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BISC208 Exam 2

by: Rachel Schmuckler

BISC208 Exam 2 BISC208

Rachel Schmuckler

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Notes for the lectures tested on in Exam 2
Introduction to Biology II
Dr. Michael Moore
Biology, Bio, premed, prevet, matter, Energy, ecosystem, gas exchange, plants, animals, homeostasis
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This 23 page Bundle was uploaded by Rachel Schmuckler on Thursday January 28, 2016. The Bundle belongs to BISC208 at University of Delaware taught by Dr. Michael Moore in Fall 2015. Since its upload, it has received 25 views. For similar materials see Introduction to Biology II in Biology at University of Delaware.


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Date Created: 01/28/16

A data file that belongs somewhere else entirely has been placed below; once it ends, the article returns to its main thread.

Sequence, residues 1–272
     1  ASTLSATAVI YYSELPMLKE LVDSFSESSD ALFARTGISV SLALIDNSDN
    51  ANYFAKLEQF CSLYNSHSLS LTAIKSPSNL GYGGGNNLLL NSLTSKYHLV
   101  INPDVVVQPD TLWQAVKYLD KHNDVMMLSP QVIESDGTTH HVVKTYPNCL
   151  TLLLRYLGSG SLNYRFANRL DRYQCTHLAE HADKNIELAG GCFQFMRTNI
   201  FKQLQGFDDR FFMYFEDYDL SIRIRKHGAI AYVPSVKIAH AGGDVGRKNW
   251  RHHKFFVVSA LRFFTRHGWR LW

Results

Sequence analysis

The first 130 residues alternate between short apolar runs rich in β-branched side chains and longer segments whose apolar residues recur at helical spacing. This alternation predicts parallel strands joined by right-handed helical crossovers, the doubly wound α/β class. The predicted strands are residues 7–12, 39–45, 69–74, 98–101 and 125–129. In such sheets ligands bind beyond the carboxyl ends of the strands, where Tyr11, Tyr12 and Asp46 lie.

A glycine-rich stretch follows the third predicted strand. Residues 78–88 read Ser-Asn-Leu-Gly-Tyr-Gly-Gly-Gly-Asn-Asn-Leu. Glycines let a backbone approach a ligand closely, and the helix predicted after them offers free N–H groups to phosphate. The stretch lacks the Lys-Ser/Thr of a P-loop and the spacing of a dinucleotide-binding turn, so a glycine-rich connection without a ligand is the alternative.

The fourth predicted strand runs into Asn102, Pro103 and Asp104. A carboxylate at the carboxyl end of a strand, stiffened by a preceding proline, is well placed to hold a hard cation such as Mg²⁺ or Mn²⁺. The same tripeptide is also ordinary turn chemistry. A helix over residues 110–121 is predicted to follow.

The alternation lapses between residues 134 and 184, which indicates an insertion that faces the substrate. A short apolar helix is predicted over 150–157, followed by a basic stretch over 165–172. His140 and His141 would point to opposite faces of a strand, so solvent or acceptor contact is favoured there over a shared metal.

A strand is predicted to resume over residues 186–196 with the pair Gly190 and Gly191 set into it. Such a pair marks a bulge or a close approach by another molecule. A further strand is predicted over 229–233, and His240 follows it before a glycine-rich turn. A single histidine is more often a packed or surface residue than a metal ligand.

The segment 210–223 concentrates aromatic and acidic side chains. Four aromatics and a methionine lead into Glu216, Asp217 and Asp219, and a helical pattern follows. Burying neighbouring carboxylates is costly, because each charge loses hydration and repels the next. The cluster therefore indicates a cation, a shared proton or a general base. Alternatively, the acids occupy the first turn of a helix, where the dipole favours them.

Monday, October 19, 2015 Introduction to Homeostasis, Exchange, and Transport Organ Systems - Exchange substances, transport substances - Purpose — maintain homeostasis - Kidneys, small intestines, lungs = large surface area - The larger the organism, the more complex the organ system - Why do all large organisms, and only large organisms, have organ systems? • All organs must accomplish two basic functions to survive - Exchange substances with their environment - Transport substances externally and internally (i.e. diffusion) - Both functions are limited by larger size • Exchange: surface area • Transport: distance • Surface-to-Volume ratio constrains exchange, S/V decreases as size increases - Solutions: best form is to be a long, skinny, hollow, folded tube (i.e. intestines, blood vessels, alveoli) • Folds (increase surface area) • Geometry (worm or pancake shapes have better S/V ratio) - Ratio does not change much as they grow from this stage • Hollow instead of solid structures (reduces volume) - i.e. start with a small circle • 3D growth — larger sphere • 2D growth — pancake • 1D growth — worm shape (efficient way to evolve!) 1 Monday, October 19, 2015 - i.e. leaf (pancake), salamander (external gills are folds) • i.e. bacteria can rely on active transport and diffusion while humans cannot • Distance constrains transport - Small organisms transport substances through: • Diffusion - no ATP required, requires favorable concentration gradient, works with microscopic distances • Active transport - requires ATP for sodium/potassium pumps or proton pumps, works against the concentration gradient, works with microscopic distances - Solutions • Bulk Transport - Use large muscular pumps to push mass quantities of substances through pipes - i.e. heart (muscle) and blood vessels (pipes), diaphragm (muscle) and lungs (pipes), peristalsis (muscle) and digestive tract (pipes) - Requires energy (ATP) - Able to manipulate concentration gradients to allow individual cells to use diffusion • Diffusion and/or active transport (using ATP) used to remove waste products from a cell • Examples: circulatory, digestive, excretory, respiratory, phloem and xylem - Organ systems have evolved to solve problems of size, not because they have any intrinsic advantage - Summary • Because of their size, large organisms have difficulty exchanging and transporting vital substances • Structure and function of large animals is driven by need to exchange with their environments 2 Monday, October 19, 2015 • Large, complex organ systems have evolved to overcome the problems of being large • Environment is as much a part of an organism’s physiology as its internal state Environmental Interfaces - Two examples of why the environment has toe be considered - Example 1: Temperature Regulation • Warm-blooded - “endotherm” - Body temperature = 37C regardless of air temperature - Actively regulates its internal body temperature • Cold-blooded - “ectotherm” - Hypothesis — body temperature = air temperature - Truth — behavioral thermoregulation • Environment determines physiology • Homeotherm - maintaining a constantly body temperature (humans, mice) Poikilotherm - variable body temp (lizards, hummingbirds) • • Considerations of environment leads to much richer view of thermoregulation - Internal or external heat source? - Constant or variable body temperature? - Active regulator or passive conformer? - Humans - internal, constant, active - Hummingbirds - internal, variable, active - Lizard (day) - external, constant, active - Lizard (night) - external, variable, passive - Example 2: Environment determines health • Is adult onset (Type II) diabetes a disease? 3 Monday, October 19, 2015 - Increase in type II diabetes over the course of time - Primates/humans have a high sugar drive to feed large brains (especially humans) • In low sugar environments (primate conditions), this is adaptive and causes them to seek sugar sources like honey and fruit • In high sugar environments (civilization), it causes them to overeat and overstimulate insulting causing Type II diabetes - Diabetes is caused by human acting in a way that was adaptive in primitive environments • Therefore, it is an environmental problem Homeostasis - Maintenance of constant conditions in the internal environment of an organism - i.e. body temperature (about 37C) - Regulating the functions of organ systems maintain homeostasis • Regulatory systems in animals — nervous system, endocrine system • Regulation occurs by negative feedback - Similar to the thermostat in a house - Works opposite to a problem to bring us back to homeostasis • House gets too cold, heater kicks on to warm it up • We get too cold, we shiver to heat us up - Driven by correcting error signals - Set point — desired condition - Sensor — measures the regulated condition - Error Signal — difference between the set point and the sensor reading - Sensor causes adjustments in the opposite direction of the error signal to reduce that error signal - Self-regulating 4 Monday, October 19, 2015 • Positive feedback — making the situation worse - House gets cold, the thermostat gets colder - Not self-regulating, just gets worse, only stops with a traumatic event - i.e. childbirth, vomiting, atomic bomb, ovulation • Feedforward — anticipating a change and making the correction before the error signal - Putting on a jacket before going outside in anticipation that it’s cold - Hibernation — how many animals survive the winter without food • Reduce body temperature to reduce metabolic rate to reduce the amount of food needed • i.e. Arctic Ground Squirrel - Are humans regulators or conformers?? • Most people will say regulators, but humans will learn to conform under some situations as well (i.e. sodium) 5 Monday, October 19, 2015 Matter Biogeochemical Cycles - Organisms consist of these elements (matter or atoms) — H, O, C, N, P, S - Biogeochemical Cycles: elements cycle through organisms to the environment and back again - Carbon Cycle: Carbon comes in through photosynthesis and leaves through cellular respiration • Atmospheric CO2 is the immediate inorganic source of carbon for living organisms • Photosynthetic organisms are the only ones that can access atmospheric CO2 - CO2 + H2O —> Carbohydrate + O2 • All other organisms get their carbon by eating carbohydrates or molecules derived from carbohydrates • Cellular respiration returns CO2 to atmosphere - Carbohydrate + O2 —> H2O and CO2 - Global Climate Change — increasing CO2 in the atmosphere is changing climates and ecological processes - Nitrogen Cycle • Most of the earth’s nitrogen is N2 in the atmosphere (about 80% of air) • Nitrogen makes proteins • Of all organisms, only a few banter (nitrogen-fixing bacteria) can access the nitrogen in air to make N2 - Must be in an environment where there is no oxygen, but oxygen oxidizes nitrogen - All other organisms ultimately rely on these bacteria for their nitrogen • Nitrogen Fixation: bacteria convert N2 to ammonia (NH3), used by plants and bacteria 1 Monday, October 19, 2015 • Nitrification: different bacteria convert NH3 to NO2 (nitrite) and then to NO3 (nitrate), used by plants because it is the easiest for them to absorb • Assimilation: plants convert NO3 to protein (-NH3), used by animals • Animals dispose of nitrogen through waste excretion or decomposing in the soil after death, that nitrogen is then recycled through the process again - Denitrification: bacteria convert NO3 to N2, lost to atmosphere Summary - Animals (such as humans) depend totally on plants and bacteria for the energy and master we need to build and fuel our bodies - Our existence therefore depends in a direct way on maintaining a heathy ecosystem with high productivity - Leads to ecologists becoming environmentalists 2 Monday, October 12, 2015 Ecosystems Ecosystems Ecology - Ecosystem Large scale view of organisms and their physical environment • • Study of how organisms acquire and exchange energy and matter with their physical environment • Does life violate the 2nd law of thermodynamics? - Most people think yes, by they are wrong • DeltaG of universe is massively negative - Entropy (disorder) of the universe always increases • Universe = all interconnected systems exchanging energy - Gibb’s Free Energy — one reaction can have decreased entropy if it is coupled to another reaction with a greater increase in entropy so the net amount of entropy is overall positive - What increases entropy? — heat - Two levels: Individual organisms • - Argument: become increasingly complex (more ordered) as they develop from a fertilized egg - Truth: the decrease in entropy is coupled to digestion (high disorder) The biosphere • - Argument: the evolution of life has greatly increased the complexity (order) of the earth’s surface - Truth: the decrease in entropy is coupled to the heat/light produced by the sun (high disorder) - Open system with respect to energy • Energy enters an ecosystem, flows through it in one direction, and is lost 1 Monday, October 12, 2015 - Closed system with respect to matter • Atoms of matter are continuously recycled through the ecosystem Energy Flow through the Ecosystems - All energy of life on earth comes from sunlight - Heat from sunlight maintains favorable temperatures for all chemical reactions (enough to sustain early life before the evolution of photosynthesis) - Only photosynthetic organisms (plants, bacteria) can directly use sunlight - All other complex organisms depend on photosynthetic organisms to convert sunlight into other fuels (carbohydrates - starch, glucose) - When these fuels are used (cellular respiration) they are ultimately converted to heat • Heat cannot be converted to other forms of energy by living organisms • Heat energy is permanently lost form the ecosystem and radiated back out into space - Photosynthesis powers ecosystem productivity • Energy captured into carbohydrate • Measure of the rate of photosynthesis • Gross Primary Productivity: the rate at which plants assimilate energy from the sun • Net Primary Productivity: energy that remains after subtracting what the plant uses (sugar that is available to other organisms) • Expressed as a rate of carbon fixation - Amount of inorganic carbon converted to organic carbon (CHO or sugar) - CO2 —> carbohydrate by photosynthesis • Amount of productivity is primarily a function of climate, especially temperature and moisture (aka determined by the amount of plant growth) 2 Monday, October 26, 2015 Gas Exchange in Animals Gas Exchange - Respiration and photosynthesis require gasses • Cellular Respiration - use O2, release CO2 • Photosynthesis - use CO2, release O2 - Organisms must exchange gas with their environment • Air: high O2, low CO2 • Water: low O2, high CO2 - Requires a respiratory surface • Where respiration takes place • Organ-environment interface (direct contact) • High surface area • Moist (gases must be dissolved) • Animal respiratory surfaces - Lungs • Invaginated respiratory surfaces • All air breathers • Hard to ventilate (alright for air only) • Easy to support (required for air) • High water loss by evaporation— forced to use inefficient tidal (bidirectional) ventilation to control water loss - Gills • Nearly all water breathers (exception: sea cucumbers breath water with lungs) • Evaginated respiratory surfaces • Easy to ventilate (needed for water) 1 Monday, October 26, 2015 Unidirectional ventilation (countercurrent exchange > greater efficiency) • • Hard to support, but surface area is maximized in water • High water exchange, but water is always available • Ventilation of respiratory surface - Most large organisms use bulk flow of the environment (water, air) past the respiratory surface — breathing • Breathing maintains a favorable concentration gradient • Diffusion can be used at the respiratory surface - Creates a high potential for water loss/gain Gills Lungs Structure Evagination Invagination Vetnilation Easy Hard Support Hard Easy Desiccation High (accounted for in water) High (controllable) Ventilation Unidirectional Usually tidal (bidirectional) Breathing Water (Gills) - Low O2 = high ventilation rate required - Uncontrolled water loss/gain - Unidirectionally ventilated (one opening, one exit) because no control of water loss - Countercurrent exchange • Blood and water flow in opposite directions • Increase efficiency without losing energy - Environmentally supported girl Breathing Air (Lungs) - Breathing air requires a moist respiratory surface exposed to air 2 Monday, October 26, 2015 • Tremendous potential for water loss - Lungs = surface area of a single’s tennis court - Water loss controlled by: • High O2 in air = lower ventilation rate compared to water (reduces water loss) • Tidal ventilation - Breath in and out of the same opening - Reduces water loss • Nasal passages recover water in exhaled air - Inhale dry air — water evaporates from sinus passages causing them to cool - Exhale moist air from lungs — warm, moist air from lungs (100% humidity) passes over cool sinus passages and water condenses out - No countercurrent exchange - “Dead Spaces” — incomplete ventilation of lungs, loss of efficiency • Expiration Dead Space — some “used up” air always remains in lung • Inspiration Dead Space — “wasted” air contained in air passages, not all the air makes its way into the lungs - Incomplete exchange — only 10% of air exchanged at each breath at rest • Consequence: atmospheric air is 20% O2, air in longs is 15% O2 - Very inefficient but necessary to control water loss in most air breathing organisms - Bulk Transport (non-exchange) Structures - Trachea, bronci, bronchioles - Low surface area - Exchange surface — alveoli - Elastic - Site of gas exchange - Huge total surface area (thousands of them) 3 Monday, October 26, 2015 - Moist surface - Turbulent airflow — no countercurrent exchange - Ventilation of lungs • How do you expand and contract each of the thousands of individual alveoli?? - Seal them inside a larger “container” that expands and contracts - “container” = pleura Pleura: dual layered membrane (flattened balloon) surrounding lungs and enclosing • it in sealed space • Diaphragm contracts and pulls down pleura • Changing volume and pressure to ventilate the lung - Decrease P, increase V - Increase V, decrease P - Water savings • Air is 100% humidity in lungs due to evaporation from respiratory surface • Humans - Exhaled air from nose is 75% humidity - 25% of water in exhaled air recovered in sinuses • Camels and Kangaroo Rats - Exhaled air is completely dry (0% humidity) - 100% water is recovered in exhaled air - Nasal passages in camel are 20 feet long!! - Pinnacle of Vertebrate Gas Exchange Systems Early climbers on Everest marveled at watching birds fly while the humans are • sucking on oxygen bottles • Birds have been tracked on radar flying at extremely high altitudes • At 30,000ft, O2 availability reduced to 30% of sea level 4 Monday, October 26, 2015 - Running = 4X (basal metabolic rate) BMR - Flying = 10X BMR • Bird Lung - 5X as efficient as mammalian lung - Rigid lung, ventilated by air sacs - Air sacs push and pull air across lungs in internal, one way circuit Unidirectional airflow across the lung > countercurrent exchange • • No dead spaces > 100% ventilation • 20% O2 at respiratory surface (as opposed to humans who have 15%) • Control of water loss — still only breathing in and out through one opening to control water loss - Fresh air while inhaling and exhaling - Insects • Insect Trachea - Fine tubes that bring air directly yo cells - Air diffuses from there to cells - No blood, no hemoglobin (in most) • Ventilation - Inefficient - dead end tubes require constant tidal - Muscle movement and diffusion - Diffusion through trachea limits size of insects to about 15cm 5 Monday, November 2, 2015 Gas Exchange in Plants Plants - Why learn about plants? • Importance of photosynthesis • Animals solve problems of exchange and transport with muscles • Plants have no muscles so have to use different solutions - Often require a lot less/no ATP • Teaches us about the principles Gas Exchange in Plants - Photosynthesis and respiration create need for gas exchange - Plants = gas exchange in leaves • Leaves — high surface area to capture protons - Not equivalent to breathing air with gills because the entire leaf is not being used for gas exchange • Large surface area of leave creates potential for water loss problem - Covered in waxy cuticle that is impermeable to water and CO2 - Surface of leave is like sin — cant be used for breathing - Stomate • Pit in the surface of the leaf • Moist inside surface without waxy cuticle • Can be opened or closed at entrance by guard cells • High total surface area (thousands per leaf) • Trichomes = projections to increase surface area 1 Monday, November 2, 2015 How do plants control water loss during respiration? - It stops breathing (it can hold their breath almost indefinitely) - Close the stomata - Transpiration — water evaporating from surface of open stomata (i.e. evaporation for plants) Not a good thing for a plant • • aka water loss - Replaced by water drawn from roots - Guard Cells • Pair of cells • Control opening and closing of stomata • Open in the light when doing photosynthesis • Closed in the dark, no need for CO2 • Closed if plant is dehydrated • Tradeoff in water loss and gas exchange similar to animals Transpiration and the Stomata - Opening of the stomata (light required) • Blue light activates a proton pump • Pumps protons (H+ ions) out of guard cells • Creates a negative charge inside cell Attracts K+ inside • • Water passively follows K+ concentration by osmosis • Guard cells change shape and form a gap between them to open - Closing of the stomata (dark) • Guard cells close in the absence of light 2 Monday, November 2, 2015 - Active transport of protons stop - K+ diffuse out of cell and water follows • Guard cells close when the plant is dehydrated • Dehydrated plant produces a hormone (Abscisic Acid) — inhibits the proton pump, even when light is present • Guard cells lose water and closes Gas Exchange in Plants - Plants do not use bulk transport for gas exchange • No use of active ventilation - ventilated by diffusion • No transport of gas in circulatory system • Gas used directly in leaves - Stomata ventilated by diffusion - Gas transported to nearly chloroplasts by diffusion - Plants use no ATP to breathe/transport gas Transport in Plants - Challenges • Need for 2-way bulk transport in large plants - Water and minerals in soil must be brought to the leaves - Carbs made in leaves must be brought to the rest of the plants • High demand - A large tree loses up to 200L/day (50 gallons) in its leaves - Why do plants lose so much water? • Large surface area exposed to exchange gas (stomata) • When they breath • Same for animals 3 Monday, November 2, 2015 - How do you get water to the top of a 115m (380ft) tall tree? - What is the tallest animal? • Giraffe (6m or 18ft) - Gigantic hear twitch very thick ventricle muscle - Valves in neck arteries • Prehistoric = dinosaur (20m or 60ft) - 3 hypothesis • Heart weighs 1.6 tons of muscle • Multiple hearts in its neck • Never lifted its head above its shoulders - Mechanisms available for bulk flow in plants • Pumps (heart)? — NO • Must rely on active transport and diffusion - Transport Tissues • Roots: takes up water and mineral • Xylem: transport from roots to the rest of the plant - Tubes of empty dead cell walls joined together like a chain of soda straws - How do organisms move water? • Water never moved by primary active transport • Usually moved by osmosis (special case of diffusion across a semipermeable barrier) - Create osmotic gradient by active transport of minerals (Na+ in animals, H+ in plants) - Water follows osmotic gradient - Uptake in the Roots • Minerals and Ions — diffusion, active transport 4 Monday, November 2, 2015 - Moving water up the xylem • 300ft long plastic soda straw • Transpiration-Cohesion-Tension Mechanism - Cohesion - H2O molecules in xylem connected by hydrogen bonds • Connected chain of H2O molecules from roots to leaves - Transpiration - H2O molecules at the top of chain evaporate from leaf - Tension - as water molecules evaporate, it pills on the chai below because of its hydrogen bond • This tension pulls the water column upward — transpirational pull - According to this model, water movement up the stem is driven by evaporation and requires no ATP - Transport of Carbohydrates • Phloem: transport from leaves throughout plants - Tubes of joined living cells full of cytoplasm that is continuous from cell to cell - Like xylem, like a chain of soda straws - Companion Cell — adjacent support cells • Moving water in the Phloem (up and down) - Phloem is a long sealed tube (unlike open xylem tube) - Fluid in phloem moves: • From sources where sugar is made (leaves) • To sinks where sugar is needed (entire plant) - Pressure-Flow Mechanism • Source - Sugar moved into phloem tube by active transport - Creates osmotic gradient with high solute inside - Water flows into phloem by osmosis 5 Monday, November 2, 2015 - This creates high pressure in the source end of the phloem tube • Sink - Sugar is moved out of the phloem by active transport - Creates osmotic gradient with high solute outside - Water flows out of phloem by osmosis - This creates low pressure in the sink end of the phloem Fluid flows from high to low pressure • • Requires ATP because of active transport of sugar • Remember: water follows solute 6 Monday, October 12, 2015 Energy Autotrophs - Most plants, some bacteria and protists - Inorganic sources of matter • Gases, all autotrophs use Carbon and O2 that comes from the O2 and CO2 in air • Hydrogen from water • Nitrogen - Bacteria convert N2 in air to forms that plants can use - Of the major nutrients, only nitrogen is limiting for plants - Main component of fertilizer • Heterotrophs eat, autotrophs only need to breathe and drink - Photosynthesis — produces sugar from sunlight • H2O + CO2 + sunlight —> sugar + O2 • Light and Dark Reactions occur in chloroplasts • Animals = protein, plants = carbohydrates • Sugar = source of energy (stored as starch), burned in Cellular Respiration - Cellular Respiration — burn sugar with oxygen (oxidize) to make ATP - Sugar + O2 —> H2O + CO2 + ATP + heat Heterotrophs - Most animals, bacteria, protists - Organic sources of energy and matter - Energy sources • Chemical bonds of food molecules are broken, energy is released • Eventually, all energy transferred to ATP is released as heat when ATP is used 1 Monday, October 12, 2015 • Energy comes in as sunlight and leaves the organisms as heat • Only cellular respiration - Sugar + O2 —> H2O + CO2 + ATP + Heat • ATP in other reactions - ATP —> ADP + Pi + energy —> heat Metabolic Rate - Measuring the heat production of an organism • Cannot be used in biological reactions • Not recyclable, released immediately to the environment - Rate of heat production = rate of energy use by an organism - Energy use is measured in units of heat energy — calorie (English), Joule (metric) - Measure of overall energy needs Energy - What components of food provide energy? • Carbohydrates - Simple = sugars - Complex = starches (long polymers of sugars) - Short term energy supply - Provide carbon skeletons - Stored in liver and muscle as glycogen (polymer of glucose) - (CH2O)n • Glucose = C2H12O6 = (CH2O)6 • Fat - Primary energy storage medium 2 Monday, October 12, 2015 - Carbon skeletons - Very dense caloric content - Can be burned in cellular respirations (fatty acids) - Lipid or triglyceride, glycerol + 3 fatty acids • Protein - Used for energy in an emergency - Long polymers of amino acids - Amino acids must be converted to CHO to be burned in cellular respiration - Only source of nitrogen - Carbohydrate skeletons (amino acids) Matter - Heterotrophs also acquire matter from food - Need more organic sources of atoms (H, O, C, N) — attained from food macromolecules - Also need various molecules called carbon skeletons • Synthesized by autotrophs • i.e. amino acids — to make proteins, as a nitrogen source, required in the diet because heterotrophs cannot make them • i.e. essential fatty acids — to make certain fats, pre synthesized by plants for animals • i.e. carbohydrate skeletons - Complex molecule that is gained from the diet - i.e. acetyl group — heterotrophs cannot make it so they get it by eating the plants that produce it to form many fats and animal acids) - Animals need plants, plants don’t need animals 3